Although lake sturgeon (Acipenser fulvescens) were once abundant in all of the Great Lakes, over-fishing and the construction of dams that blocked spawning migrations have reduced populations to about 1% of their former abundance (MDNR 1998). Historic records from commercial fisheries of the late 19th century indicate that Lake Michigan once supported the largest known population, comprised of an estimated 11 million fish (MDNR 1998). Biologists now recognize that each of the Great Lakes are inhabited by many discrete stocks of lake sturgeon, however little is known about the abundance, distribution, recruitment, or genetic diversity of current populations. Although sturgeon research often generates intense interest and support from the media and the public knowledge of most sturgeon species is limited. In the Great Lakes, little is known about the basic ecology, life history, or population dynamics of lake sturgeon.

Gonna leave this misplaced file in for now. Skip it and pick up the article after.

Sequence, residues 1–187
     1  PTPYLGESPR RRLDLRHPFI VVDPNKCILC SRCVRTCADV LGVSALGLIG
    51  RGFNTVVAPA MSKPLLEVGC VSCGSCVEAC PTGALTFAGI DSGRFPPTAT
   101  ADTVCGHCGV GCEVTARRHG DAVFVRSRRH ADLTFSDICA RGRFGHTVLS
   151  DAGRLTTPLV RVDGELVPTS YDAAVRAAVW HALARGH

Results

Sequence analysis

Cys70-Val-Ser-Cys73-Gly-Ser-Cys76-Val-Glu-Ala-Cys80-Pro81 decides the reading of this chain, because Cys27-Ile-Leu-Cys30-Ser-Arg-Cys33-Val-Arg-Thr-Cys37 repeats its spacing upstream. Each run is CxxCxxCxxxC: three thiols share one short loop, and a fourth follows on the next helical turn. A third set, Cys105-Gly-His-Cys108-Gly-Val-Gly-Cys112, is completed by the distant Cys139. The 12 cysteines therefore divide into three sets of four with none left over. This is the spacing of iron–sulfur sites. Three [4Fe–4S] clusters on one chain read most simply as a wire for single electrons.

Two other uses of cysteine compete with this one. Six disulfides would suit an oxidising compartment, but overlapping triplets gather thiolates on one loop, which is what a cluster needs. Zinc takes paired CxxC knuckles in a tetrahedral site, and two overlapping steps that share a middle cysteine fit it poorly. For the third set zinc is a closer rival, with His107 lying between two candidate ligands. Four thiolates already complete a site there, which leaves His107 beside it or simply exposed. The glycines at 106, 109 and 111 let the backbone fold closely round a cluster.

The primary goal of this study is to provide current information on the abundance, habitat use, and factors limiting spawning success (recruitment) of adult lake sturgeon in the Muskegon River. Data collected in this project will provide much of the basic information needed by the Michigan Department of Natural Resources (MDNR) in their current efforts to rehabilitate lake sturgeon populations in Lake Michigan. Beginning in spring of 2002, we began a 3-year study of lake sturgeon in the Muskegon River with the following objectives:
The basic design of the study relies on the capture of adult lake sturgeon during their spring spawning migrations from Lake Michigan into (and out of) the Muskegon River. Although the timing of spawning migrations is somewhat variable, adult lake sturgeon usually begin entering the Muskegon River in late April or early May. Spawning activity peaks in mid to late May, with most adults leaving the river by mid-June. Ultimately, information gained through this project will help rehabilitate the population within the Muskegon and other Great Lakes Tributaries where lake sturgeon have suffered similar declines.
To learn more about Dr. Douglas Peterson and his work, visit his web page.